Malaysia Airlines is out of intensive care. Now it’s working on long-term rehabilitation.
Two years ago this week, disaster struck when Flight 370 vanished, leaving the company reeling from a crisis magnified months later by the downing of a second Boeing 777 over Ukraine.
Shunned by travelers and already ailing from years of mismanagement that saddled it with at least $1.7 billion in losses since 2011, the Southeast Asian airline teetered on the edge of bankruptcy, forcing its government owners to carry out radical restructuring.
New CEO Christoph Mueller, a turnaround veteran, has been scaling back or cutting unprofitable routes, grounding jets and axing 6,000 workers from a bloated workforce as part of a $1.7 billion overhaul aimed at returning the carrier to profitability as early as next year.
Analysts say, however, the strategy of shrinking to survive makes Malaysia vulnerable to fierce competition from the budget carriers proliferating to serve Asia’s booming, travel-hungry middle class consumers. Competitors include homegrown rival Malaysia AirAsia as well as Indonesia’s Lion Air, Singapore’s Tigerair and Scoot and Qantas offshoot Jetstar.
Mueller made his biggest move yet in December, unveiling a strategic alliance with Emirates that allows Malaysia Airlines to piggyback onto more than 90 of the Gulf carrier’s global routes as it shrinks its own network to focus on Asia.
The deal with Emirates, one of the world’s biggest airlines by seat capacity, was “definitely a rabbit out of the hat,” said Mohshin Aziz, an aviation analyst at Maybank Kim Eng Securities. “Yet they made it happen. For me, that’s definitely a solid foundation for their future survival.”
Still, the unsolved mystery of MH370 haunts the airline.
Flight 370 disappeared after leaving Kuala Lumpur on March 8, 2014, carrying 293 people. No trace of the Boeing 777 has been found except for a wing part on a Reunion beach last year and, possibly, part of a tail section discovered last weekend on the Mozambique coast.
In June 2014, Flight 17 was shot down en route to Amsterdam by what Dutch authorities say was a Soviet-designed missile, killing all 298 people on board.
Despite better than expected rankings in airline safety surveys, some travelers still worry, complicating Malaysia’s battle against cutthroat competition. Passenger traffic at Kuala Lumpur International Airport’s main terminal, used by Malaysia Airlines and other full-service carriers, fell 9.2 percent last year, while traffic at the budget terminal rose 9.5 percent.
Mohshin credits Mueller, a German and the first foreigner to lead the airline, with making tough changes avoided by predecessors.
However, Shukor Yusof, founder of aviation research firm Endau Analytics, said Mueller’s strategy was too focused on short-term gains.
“They have taken the easy way out,” said Shukor, who was also part of a group whose offer to buy some of the airline’s assets to start a budget carrier was rebuffed. Sweeping cuts are “the quickest way to eliminate cost, but long term I don’t think it presents an opportunity to really strengthen or … overhaul the fundamental issues of the company,” which include a history of interference from its owner, the sovereign investment fund Khazanah Nasional Berhad.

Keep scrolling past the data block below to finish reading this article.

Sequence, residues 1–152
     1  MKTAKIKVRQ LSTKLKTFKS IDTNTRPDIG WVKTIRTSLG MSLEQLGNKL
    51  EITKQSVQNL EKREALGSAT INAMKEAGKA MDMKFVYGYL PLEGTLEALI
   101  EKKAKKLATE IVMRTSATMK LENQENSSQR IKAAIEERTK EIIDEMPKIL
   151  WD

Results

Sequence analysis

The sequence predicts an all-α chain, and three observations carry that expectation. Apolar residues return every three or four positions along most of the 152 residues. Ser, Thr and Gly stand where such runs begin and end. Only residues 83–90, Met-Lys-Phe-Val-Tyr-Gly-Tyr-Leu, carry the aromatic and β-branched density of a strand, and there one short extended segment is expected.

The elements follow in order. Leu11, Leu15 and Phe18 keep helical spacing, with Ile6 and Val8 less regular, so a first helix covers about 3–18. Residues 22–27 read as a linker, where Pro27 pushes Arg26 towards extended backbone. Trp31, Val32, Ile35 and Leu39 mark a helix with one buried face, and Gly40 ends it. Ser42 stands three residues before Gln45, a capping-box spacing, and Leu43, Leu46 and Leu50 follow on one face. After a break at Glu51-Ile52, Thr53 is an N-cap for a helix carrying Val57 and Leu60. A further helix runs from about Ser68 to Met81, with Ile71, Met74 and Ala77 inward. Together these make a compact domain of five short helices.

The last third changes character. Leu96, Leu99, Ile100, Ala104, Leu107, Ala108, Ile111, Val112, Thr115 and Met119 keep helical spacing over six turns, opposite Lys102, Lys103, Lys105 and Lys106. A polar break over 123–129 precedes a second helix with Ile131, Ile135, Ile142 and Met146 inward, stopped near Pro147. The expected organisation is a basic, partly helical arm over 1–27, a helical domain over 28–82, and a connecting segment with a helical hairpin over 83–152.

Mueller carried out a successful but tough revamp of Ireland’s Aer Lingus that earned him the nickname “The Terminator” because his accent made for apt comparisons with Arnold Schwarzenegger’s cyborg hitman.
Aiming to help Malaysia Airlines re-emerge as Southeast Asia’s leading carrier, since he took charge in May he has led renegotiations of supply contracts and aircraft leasing deals, brought in new senior executives with budget airline experience and introduced state of the art German cost-management software meant to cut ground operations costs by 20 percent.
To attract more passengers, the airline is updating inflight menus and rolling out new services like on-board Wi-Fi and a new lie-flat seat in business class on some aircraft.
Malaysia’s already skeletal network outside Asia has been scaled back further. Paris and Amsterdam routes were scrapped in January as part of a broader withdrawal from international markets that started before the crisis struck. London and Jeddah, Saudi Arabia, are now its only non-Asia-Pacific destinations, though passengers can buy code-share flights transiting through Emirates’ Dubai hub.
The airline is adjusting its fleet to cut costs and accommodate the route revamp, phasing out older Boeing 777s and fuel-hungry Airbus A380s and scaling back on smaller Boeing 737s. The airline has ordered four A350s, Airbus’s latest and most advanced airliner.
Tumbling oil prices have helped cut fuel costs, though the gains were partially eroded by the dollar’s recent rise against Malaysia’s currency, the ringgit.
Shukor of Endau Analytics questions whether the airline can or even should survive in the long run.
Travelers are now better served by discount juggernaut AirAsia, which flies to more places and makes more money. Doubts persist over whether the government-backed carrier serves Malaysia’s long-term interests.
“The question that needs to be asked is does Malaysia need Malaysia Airlines now?” said Shukor. “If Malaysia Airlines were to shut down tomorrow there won’t be many people who would feel the absence.”